Friday, January 29, 2016

The Fantastico Indian Cricketer I grew up Adoring - Part II

The Fantastico Indian Cricketer I grew up adoring - Part II

In this part two of ‘The Fantastico Duo of Indians I grew up adoring’ I will write about a player who with his limited talent and selfless attitude served the Indian cricket for a very long time. It was through his sheer hard work and determination that he found a consistent place in an Indian team that was filled with some big names.

Rahul Dravid

Perhaps the most selfless cricketer to have ever played the game, Rahul Dravid was a thorough gentleman both on and off the field. His debut innings at Lords, where he made a defiant 95 was overshadowed by a more enterprising 131 that Sourav Ganguly (he was also making his debut) hit. The trend would find home on several occasions whence good performances by Rahul went completely unnoticed because some other batsman would have played a better or more scintillating innings then him.

Rahul was known for his classical and simple technique and unending concentration which earned him the nickname ‘The Wall’. Dravid could face any bowler on any wicket and he did not have any glaring weaknesses in his game. If he had, he probably worked hours on it rectifying them. The elegant cover drives and late cuts, the flicks and the straight drives, he was a master of every stroke that a purist hopes to see.

Give a difficult pitch and a difficult situation and Rahul would face it heads on. He produced several impactful test match innings but none greater than his 180 on a difficult Eden Gardens pitch where he forged an epic 376 run partnership with VVS Laxman. India, following on, came back from nowhere and defeated the Australians who were riding high with 16 consecutive test wins. Another memorable knock came at Adelaide in 2003 where he hit a double ton and a half century as India defeated Australia.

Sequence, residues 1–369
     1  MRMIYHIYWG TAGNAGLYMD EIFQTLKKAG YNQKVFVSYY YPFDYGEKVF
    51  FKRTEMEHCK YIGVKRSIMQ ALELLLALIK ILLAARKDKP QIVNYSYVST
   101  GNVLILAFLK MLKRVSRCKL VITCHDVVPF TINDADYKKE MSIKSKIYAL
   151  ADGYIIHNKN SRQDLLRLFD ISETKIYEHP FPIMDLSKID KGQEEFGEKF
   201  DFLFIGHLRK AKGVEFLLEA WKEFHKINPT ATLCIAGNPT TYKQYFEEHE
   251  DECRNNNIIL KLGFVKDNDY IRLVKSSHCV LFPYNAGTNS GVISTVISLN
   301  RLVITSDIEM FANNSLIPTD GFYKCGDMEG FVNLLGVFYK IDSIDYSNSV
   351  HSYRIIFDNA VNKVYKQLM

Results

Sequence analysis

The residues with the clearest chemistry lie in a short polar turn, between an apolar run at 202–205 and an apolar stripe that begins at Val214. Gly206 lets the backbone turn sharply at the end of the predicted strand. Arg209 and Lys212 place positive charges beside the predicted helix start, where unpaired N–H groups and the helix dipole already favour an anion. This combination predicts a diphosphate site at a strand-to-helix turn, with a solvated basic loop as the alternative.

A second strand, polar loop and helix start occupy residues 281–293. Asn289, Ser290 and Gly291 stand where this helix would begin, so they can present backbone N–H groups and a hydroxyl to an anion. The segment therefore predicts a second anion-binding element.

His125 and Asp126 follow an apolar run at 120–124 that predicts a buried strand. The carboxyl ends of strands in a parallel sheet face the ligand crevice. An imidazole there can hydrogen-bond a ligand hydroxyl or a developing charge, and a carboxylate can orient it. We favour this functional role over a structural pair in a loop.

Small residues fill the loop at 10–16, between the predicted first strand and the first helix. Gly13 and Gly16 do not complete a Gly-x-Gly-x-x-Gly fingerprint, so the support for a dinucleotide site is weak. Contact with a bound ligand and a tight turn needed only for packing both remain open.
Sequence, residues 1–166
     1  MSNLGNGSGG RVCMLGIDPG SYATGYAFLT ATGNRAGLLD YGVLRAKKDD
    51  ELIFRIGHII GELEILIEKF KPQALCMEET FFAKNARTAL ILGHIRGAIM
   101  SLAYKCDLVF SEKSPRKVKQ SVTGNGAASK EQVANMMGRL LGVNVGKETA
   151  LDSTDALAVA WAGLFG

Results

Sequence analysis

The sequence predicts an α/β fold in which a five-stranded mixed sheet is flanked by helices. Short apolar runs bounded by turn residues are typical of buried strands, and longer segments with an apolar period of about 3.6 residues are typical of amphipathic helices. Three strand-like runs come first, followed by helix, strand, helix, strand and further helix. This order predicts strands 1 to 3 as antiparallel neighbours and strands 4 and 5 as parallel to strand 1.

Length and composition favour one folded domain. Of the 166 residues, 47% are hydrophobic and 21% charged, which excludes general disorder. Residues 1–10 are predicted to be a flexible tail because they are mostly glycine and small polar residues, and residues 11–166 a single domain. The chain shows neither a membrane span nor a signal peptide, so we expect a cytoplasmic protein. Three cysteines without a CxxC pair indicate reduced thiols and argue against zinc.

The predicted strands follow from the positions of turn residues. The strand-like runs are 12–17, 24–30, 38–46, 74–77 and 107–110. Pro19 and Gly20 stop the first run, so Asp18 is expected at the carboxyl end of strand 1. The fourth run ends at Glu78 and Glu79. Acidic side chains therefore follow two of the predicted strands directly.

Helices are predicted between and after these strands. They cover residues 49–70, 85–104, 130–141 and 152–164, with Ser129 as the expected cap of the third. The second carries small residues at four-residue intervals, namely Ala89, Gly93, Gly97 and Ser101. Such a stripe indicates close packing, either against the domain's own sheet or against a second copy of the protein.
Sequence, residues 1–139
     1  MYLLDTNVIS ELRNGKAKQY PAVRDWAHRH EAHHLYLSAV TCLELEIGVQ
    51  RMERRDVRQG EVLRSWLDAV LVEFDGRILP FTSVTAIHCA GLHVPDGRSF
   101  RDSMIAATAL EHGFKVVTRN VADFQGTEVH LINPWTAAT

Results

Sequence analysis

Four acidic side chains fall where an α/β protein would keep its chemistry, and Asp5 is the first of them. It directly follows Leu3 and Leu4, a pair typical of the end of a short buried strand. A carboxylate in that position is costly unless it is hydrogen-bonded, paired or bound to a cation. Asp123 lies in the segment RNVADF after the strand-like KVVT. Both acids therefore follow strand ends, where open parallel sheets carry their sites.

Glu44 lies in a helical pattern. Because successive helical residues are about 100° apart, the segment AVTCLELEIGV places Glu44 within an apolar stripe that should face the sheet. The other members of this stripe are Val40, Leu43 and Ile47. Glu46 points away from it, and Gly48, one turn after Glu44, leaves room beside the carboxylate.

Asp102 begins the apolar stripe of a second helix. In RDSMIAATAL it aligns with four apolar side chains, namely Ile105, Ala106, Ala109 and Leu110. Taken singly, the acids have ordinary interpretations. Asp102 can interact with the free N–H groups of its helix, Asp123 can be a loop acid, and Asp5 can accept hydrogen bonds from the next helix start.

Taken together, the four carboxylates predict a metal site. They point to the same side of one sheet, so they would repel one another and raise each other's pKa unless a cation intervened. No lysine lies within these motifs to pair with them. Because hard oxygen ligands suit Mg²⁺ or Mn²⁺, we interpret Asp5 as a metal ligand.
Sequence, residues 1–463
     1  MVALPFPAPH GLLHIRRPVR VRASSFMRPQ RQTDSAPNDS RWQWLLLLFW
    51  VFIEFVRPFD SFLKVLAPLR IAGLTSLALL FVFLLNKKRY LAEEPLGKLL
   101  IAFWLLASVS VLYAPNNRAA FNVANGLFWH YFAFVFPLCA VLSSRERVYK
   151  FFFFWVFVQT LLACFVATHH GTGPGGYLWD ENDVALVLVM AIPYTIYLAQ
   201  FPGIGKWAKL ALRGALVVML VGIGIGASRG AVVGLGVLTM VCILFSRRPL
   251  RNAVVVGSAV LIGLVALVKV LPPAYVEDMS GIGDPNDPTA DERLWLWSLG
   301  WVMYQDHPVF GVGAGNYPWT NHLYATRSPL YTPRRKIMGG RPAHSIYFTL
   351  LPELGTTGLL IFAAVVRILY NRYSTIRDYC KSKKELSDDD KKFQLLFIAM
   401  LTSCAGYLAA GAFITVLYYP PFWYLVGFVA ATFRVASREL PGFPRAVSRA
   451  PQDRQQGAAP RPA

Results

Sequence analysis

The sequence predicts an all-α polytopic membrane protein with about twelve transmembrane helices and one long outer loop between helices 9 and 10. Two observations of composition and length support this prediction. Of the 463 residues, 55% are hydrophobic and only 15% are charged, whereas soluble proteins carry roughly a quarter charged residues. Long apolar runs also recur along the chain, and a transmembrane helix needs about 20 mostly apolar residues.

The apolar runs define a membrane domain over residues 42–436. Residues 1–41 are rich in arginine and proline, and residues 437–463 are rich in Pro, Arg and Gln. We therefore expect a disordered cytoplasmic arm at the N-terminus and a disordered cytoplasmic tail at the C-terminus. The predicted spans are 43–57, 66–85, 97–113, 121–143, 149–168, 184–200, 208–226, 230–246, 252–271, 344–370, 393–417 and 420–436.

He also sacrificed and adjusted himself according to the needs of the Indian cricket team. He donned the gloves during the 2003 World Cup in South Africa to give a better balance to the team. He also opened the batting overseas when India wanted a solid opener. He was often moved around in the batting order so that others could occupy their favoured positions. In his second last tour, when India toured England and failed spectacularly Dravid showed the world just how good he was. He scored over 400 runs in the series which included 3 tons against a very good English attack in helpful conditions.

The fact that he scored over 10000 runs in both test and ODI cricket goes to show what a person who is gritty and honest about his job can achieve. The epitome of hard work, bloody minded determination and selfless attitude – Rahul Dravid is the probably most likable and Fantastico hero that you could come across as a kid.


Vinay Leo R. said...

Dravid is my favorite player :) one I admire, even for his leadership in IPL.

Are you targeting 1000 posts by 2016 December? :) I've never seen you on such a writing spree so early before a World Cup ;) Glad to see, by the way.

DS said...

@ Vinay

Dravid and Laxman were my favorite players during my growing up years.

No way, 1000 is way beyond me. Just writing for the IndiMarathon. Don't know till when I can sustain my enthusiasm though!! Thanks for your continuous support :)